Liberty and Victory For All: A Worthy Pro-Liberty SuperPac.Submitted by Dixie-Paleocon on Wed, 11/28/2012 - 16:28
Liberty and Victory for All
Two twentysomethings have a successful, and innovative, Republican super PAC.
A week ago, two boys in their early 20s with a few million dollars managed to pull off a feat that eluded Karl Rove and his Crossroads GPS machine: They helped get candidates elected. They now have four members of Congress to their credit (three representatives and one senator), including one of the House’s most eccentric new members, as well as six state-level officials. Not bad for a pair of self-described “simple southerners” without a college degree between them.
John Ramsey and Preston Bates met in 2011 while working with the Ron Paul campaign. Ramsey was raised in a middle-class household and graduated from one of the poorest school districts in East Texas. But two years ago, his grandfather, a former banker, died and left him a small fortune. He and his family hadn’t been particularly politically active, until he saw the effects of Dodd-Frank on their banking business — “we obviously got hit pretty hard by that, even though we were responsible in the way we lended,” he laments. Ramsey then decided to start volunteering on the Ron Paul campaign, where he met Bates. And when that crusade sputtered out, they were frustrated.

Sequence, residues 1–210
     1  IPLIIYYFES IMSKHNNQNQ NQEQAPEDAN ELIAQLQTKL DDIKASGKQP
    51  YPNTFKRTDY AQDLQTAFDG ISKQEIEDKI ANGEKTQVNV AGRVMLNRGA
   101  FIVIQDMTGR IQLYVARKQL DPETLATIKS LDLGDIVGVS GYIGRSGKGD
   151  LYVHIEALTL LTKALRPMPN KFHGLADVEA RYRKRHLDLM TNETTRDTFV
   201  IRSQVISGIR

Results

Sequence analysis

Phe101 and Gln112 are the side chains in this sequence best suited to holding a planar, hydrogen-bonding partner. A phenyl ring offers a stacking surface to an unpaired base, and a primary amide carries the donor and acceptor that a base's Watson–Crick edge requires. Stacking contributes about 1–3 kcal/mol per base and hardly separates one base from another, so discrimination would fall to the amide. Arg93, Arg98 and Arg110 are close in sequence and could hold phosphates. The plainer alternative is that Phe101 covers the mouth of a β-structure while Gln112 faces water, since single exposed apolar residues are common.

“The Ron Paul campaign was a total flop,” says Bates. From 2008 to 2012, “it raised more than $100 million and didn’t win a single state. So we were scratching our heads, trying to figure out how to institutionalize liberty.”
After Paul’s campaign closed up shop, Bates and Ramsey started the Liberty for All Super PAC. Working with $3 million of Ramsey’s money, they ended up investing in eleven races. Out of the eleven candidates backed, ten won, one by just 200 votes.
The Liberty for All–supported victory that got the most press attention was Kerry Bentivolio’s in Michigan’s eleventh district, the seat vacated by the one and only Thaddeus McCotter. You might remember McCotter; he was the presidential candidate who won 35 votes at the Ames straw poll, wrote a bawdy TV pilot to cope with his loss, and resigned because his staffers forged most of 1,000 signatures necessary to get his name on the ballot again. (I mapped out the decline and fall of McCotter here — it’s all pretty wacky.)
Continue Reading: http://www.nationalreview.com/articles/333529/liberty-and-vi...